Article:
May is Child Care Month: Be heard, Be appreciated
NSCR’s offices are located on the unceded, traditional and ancestral lands of the Musqueam, Squamish and Tsleil-Watuth peoples. We commit to the Truth and Reconciliation Report Calls to Action, UNDRIP and the UNRC in ways that honour the original stewards of this land.
In 2019, the second edition of the BC Early Learning Framework provided a unique vision that expanded and reimagined the relationships between educators, children and families. It introduced complex language that to described the educator’s work in an effort to reflect the new realities that children and families experience. Since that time, Covid-19 has been declared a global pandemic creating an economic and health crisis: this has been compounded by the war in Ukraine as their citizens flee to other parts of the world, including Canada. What are the implications of these world events and in what ways do they impact the work of those who educate and care for young children?
The Early Childhood Educators of BC (ECEBC) recently released a position paper “What is the Role of the Early Childhood Educator in British Columbia?”. This paper eloquently articulates our professional and ethical obligations. Who we are and what we do requires us to: 1) work with pedagogical commitments, 2) respond to legacies of colonization, 3) build responsive relationships, 4) co-construct lively curriculum, and 5) practice with ethical commitments. A public presentation on April 19th provoked generative questions and comments such as this – our work is worthy, to be taken seriously by the public and all levels of government because children deserve it. The ECEBC position paper compels us as educators of young children to create conditions that allow each child to live to their potential and to meet the vision stated in the BC Early Learning Framework of “respectfully living and learning well together”.
In the upcoming May is Child Care Month, child-care professionals will be celebrated in appreciation of their commitment and dedication to the thousands of children and families that they work with. At the same time, we have arrived at an important juncture where early childhood education is being moved into the Ministry of Education. This is an opportune time for us to continue to be braver, louder and unapologetic in asking for a universal child care system that positions and upholds the care and education of children as their right. They have a right to learn with ECEs that are highly educated, compensated and respected. As child-care professionals and educators, we need to ensure that we are well-informed so that we can advocate for ourselves.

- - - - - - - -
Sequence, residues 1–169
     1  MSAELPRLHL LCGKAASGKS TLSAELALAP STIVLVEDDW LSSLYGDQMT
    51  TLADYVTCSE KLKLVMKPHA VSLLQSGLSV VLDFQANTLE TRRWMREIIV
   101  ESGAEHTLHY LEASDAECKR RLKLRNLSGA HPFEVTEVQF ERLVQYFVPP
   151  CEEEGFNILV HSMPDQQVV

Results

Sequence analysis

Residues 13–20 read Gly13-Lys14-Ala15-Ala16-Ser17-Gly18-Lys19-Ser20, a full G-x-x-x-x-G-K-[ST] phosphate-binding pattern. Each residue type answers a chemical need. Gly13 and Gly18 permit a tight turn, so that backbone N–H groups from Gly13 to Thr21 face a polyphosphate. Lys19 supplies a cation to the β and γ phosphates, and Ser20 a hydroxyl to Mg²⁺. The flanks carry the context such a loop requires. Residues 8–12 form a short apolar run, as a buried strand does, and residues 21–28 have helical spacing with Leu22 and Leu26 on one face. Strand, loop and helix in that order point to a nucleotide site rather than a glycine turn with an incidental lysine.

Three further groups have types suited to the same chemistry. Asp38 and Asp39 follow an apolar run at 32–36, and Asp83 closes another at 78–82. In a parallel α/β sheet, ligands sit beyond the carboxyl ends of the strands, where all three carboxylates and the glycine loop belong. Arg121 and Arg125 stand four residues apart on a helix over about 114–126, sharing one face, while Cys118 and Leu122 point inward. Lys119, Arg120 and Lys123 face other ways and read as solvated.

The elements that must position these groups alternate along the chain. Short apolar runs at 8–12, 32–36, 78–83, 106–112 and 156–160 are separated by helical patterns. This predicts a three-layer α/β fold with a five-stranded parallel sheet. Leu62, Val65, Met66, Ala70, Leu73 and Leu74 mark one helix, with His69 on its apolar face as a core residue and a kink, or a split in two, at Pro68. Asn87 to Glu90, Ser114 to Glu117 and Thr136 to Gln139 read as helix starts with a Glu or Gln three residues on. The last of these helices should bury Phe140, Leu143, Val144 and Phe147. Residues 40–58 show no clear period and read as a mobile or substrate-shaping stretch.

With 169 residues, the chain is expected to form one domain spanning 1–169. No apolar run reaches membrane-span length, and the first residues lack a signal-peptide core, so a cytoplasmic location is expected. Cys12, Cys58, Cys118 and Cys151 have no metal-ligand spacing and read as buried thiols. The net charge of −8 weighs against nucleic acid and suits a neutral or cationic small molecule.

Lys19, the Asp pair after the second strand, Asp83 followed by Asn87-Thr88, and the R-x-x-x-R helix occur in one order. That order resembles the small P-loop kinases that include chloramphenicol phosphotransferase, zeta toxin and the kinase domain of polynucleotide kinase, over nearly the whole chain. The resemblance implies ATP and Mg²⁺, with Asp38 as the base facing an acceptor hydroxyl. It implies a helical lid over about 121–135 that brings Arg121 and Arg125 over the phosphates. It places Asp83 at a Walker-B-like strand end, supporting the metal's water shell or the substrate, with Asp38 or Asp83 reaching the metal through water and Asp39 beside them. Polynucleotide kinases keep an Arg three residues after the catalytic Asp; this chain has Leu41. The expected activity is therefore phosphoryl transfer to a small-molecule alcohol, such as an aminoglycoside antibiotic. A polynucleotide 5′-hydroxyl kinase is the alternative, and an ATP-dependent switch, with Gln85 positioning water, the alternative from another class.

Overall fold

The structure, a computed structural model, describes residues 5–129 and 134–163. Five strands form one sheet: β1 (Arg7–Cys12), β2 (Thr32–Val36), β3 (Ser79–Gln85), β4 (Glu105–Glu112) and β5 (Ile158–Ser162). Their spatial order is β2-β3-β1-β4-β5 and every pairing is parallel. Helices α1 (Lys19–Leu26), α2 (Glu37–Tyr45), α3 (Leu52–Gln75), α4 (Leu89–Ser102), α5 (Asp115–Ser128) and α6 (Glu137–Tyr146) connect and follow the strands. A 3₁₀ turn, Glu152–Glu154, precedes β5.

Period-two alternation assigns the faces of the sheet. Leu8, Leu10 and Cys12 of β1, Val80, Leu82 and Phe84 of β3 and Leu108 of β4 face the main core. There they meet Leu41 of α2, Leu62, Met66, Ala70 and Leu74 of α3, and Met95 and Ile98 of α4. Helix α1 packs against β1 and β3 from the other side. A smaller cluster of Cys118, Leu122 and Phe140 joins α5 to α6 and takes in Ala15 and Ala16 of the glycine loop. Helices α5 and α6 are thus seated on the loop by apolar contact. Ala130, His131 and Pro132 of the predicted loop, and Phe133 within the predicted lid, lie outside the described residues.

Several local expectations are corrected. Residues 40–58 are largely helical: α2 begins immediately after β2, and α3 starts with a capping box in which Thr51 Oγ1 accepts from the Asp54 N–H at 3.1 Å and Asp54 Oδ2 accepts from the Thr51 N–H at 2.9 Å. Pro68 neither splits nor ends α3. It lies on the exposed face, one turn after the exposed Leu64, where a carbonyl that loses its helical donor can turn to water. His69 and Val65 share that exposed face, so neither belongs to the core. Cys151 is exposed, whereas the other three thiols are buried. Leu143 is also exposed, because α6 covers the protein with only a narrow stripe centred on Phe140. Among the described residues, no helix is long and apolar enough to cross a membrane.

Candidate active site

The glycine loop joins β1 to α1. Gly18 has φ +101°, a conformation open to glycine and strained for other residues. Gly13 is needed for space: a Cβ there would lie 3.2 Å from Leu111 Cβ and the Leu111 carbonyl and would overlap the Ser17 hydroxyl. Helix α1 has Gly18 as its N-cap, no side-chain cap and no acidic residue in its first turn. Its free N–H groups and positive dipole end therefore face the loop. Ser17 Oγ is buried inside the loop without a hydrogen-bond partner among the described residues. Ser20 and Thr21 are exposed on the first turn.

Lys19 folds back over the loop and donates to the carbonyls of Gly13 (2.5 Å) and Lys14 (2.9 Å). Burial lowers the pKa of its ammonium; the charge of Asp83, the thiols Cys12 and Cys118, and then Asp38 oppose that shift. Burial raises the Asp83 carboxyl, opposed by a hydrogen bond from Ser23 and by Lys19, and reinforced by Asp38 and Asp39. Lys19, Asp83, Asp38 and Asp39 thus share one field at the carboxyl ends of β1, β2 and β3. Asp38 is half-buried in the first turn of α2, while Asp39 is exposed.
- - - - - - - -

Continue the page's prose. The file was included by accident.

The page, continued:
Educators are leaders and hopeful for a better future, without knowing the shape of that future. Educators are emboldened to disrupt the legacies of the past in order to activate transformative change for the future. In relationship with children, families, communities, materials and places, educators engage in intentional pedagogical work in response to the complexity of our current conditions. Early childhood education is a space to co-create new worlds with alternative narratives. (Early Childhood Educators of BC [ECEBC], 2022)
So what might you do this May to join this momentum to Be heard and Be appreciated?
Become, or continue to be, a member of the North Shore Child Care Resource and Referral program and take advantage of the programs and resources to sustain your personal and professional development. Join ECEBC, your professional organization, the voice for early childhood educators so that they can continue to advocate for the profession. Take the time to gather with your colleagues and together read the new ECEBC position paper “What is the Role of the Early Childhood Educator in British Columbia?” Make note of the language (as quoted above) because it describes why our work is important and gives us the right to ask for better resources to support our profession. Use the position paper to advocate for the professionalization of our field. Add language from the paper to your website, policies and procedures, job descriptions and parent handbooks. Connect with the Capilano University ECCE program, which has the first and only Early Childhood Education degree in Western Canada, so you can increase your level of credentials. Petition your local MLA for stronger government policies and initiatives to create a first-class child care system in B.C for children and families.
As a collective, let’s all commit to this important work so that May is Child Care Month is really something to celebrate this year!
Violet Jessen is the President of the NSCR Board of Directors. She is the current Chair of the ECEBC Board of Directors. Violet is also the Chair of Education and Childhood Studies at Capilano University and teaches in the Early Childhood Care and Education program. She has been an early childhood educator since 1996 and proudly holds an ECE certificate-to-practice.
Sara Sutherland is the manager of the Children’s Centre at Capilano University. She is the current co-chair of the North Shore Branch of ECEBC. Like Violet, she has been a proud early childhood educator since 1996.
Tia Smith has been a passionate Early Childhood Educator since 1992 and currently teaches in the Early Childhood Care and Education Department at Capilano University. She is a member of the NSCR Board of Directors and member of ECEBC.